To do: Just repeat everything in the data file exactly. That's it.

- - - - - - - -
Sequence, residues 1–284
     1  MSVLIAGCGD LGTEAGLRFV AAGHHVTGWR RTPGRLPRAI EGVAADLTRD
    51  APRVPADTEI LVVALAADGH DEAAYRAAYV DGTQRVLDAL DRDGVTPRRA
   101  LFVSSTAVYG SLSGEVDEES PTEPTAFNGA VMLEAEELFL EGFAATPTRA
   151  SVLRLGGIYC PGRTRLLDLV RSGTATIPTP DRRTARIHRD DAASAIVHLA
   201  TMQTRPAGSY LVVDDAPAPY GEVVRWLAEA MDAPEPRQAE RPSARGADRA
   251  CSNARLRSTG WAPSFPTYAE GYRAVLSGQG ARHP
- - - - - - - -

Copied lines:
Sequence, residues 1–284
     1  MSVLIAGCGD LGTEAGLRFV AAGHHVTGWR RTPGRLPRAI EGVAADLTRD
    51  APRVPADTEI LVVALAADGH DEAAYRAAYV DGTQRVLDAL DRDGVTPRRA
   101  LFVSSTAVYG SLSGEVDEES PTEPTAFNGA VMLEAEELFL EGFAATPTRA
   151  SVLRLGGIYC PGRTRLLDLV RSGTATIPTP DRRTARIHRD DAASAIVHLA
   201  TMQTRPAGSY LVVDDAPAPY GEVVRWLAEA MDAPEPRQAE RPSARGADRA
   251  CSNARLRSTG WAPSFPTYAE GYRAVLSGQG ARHP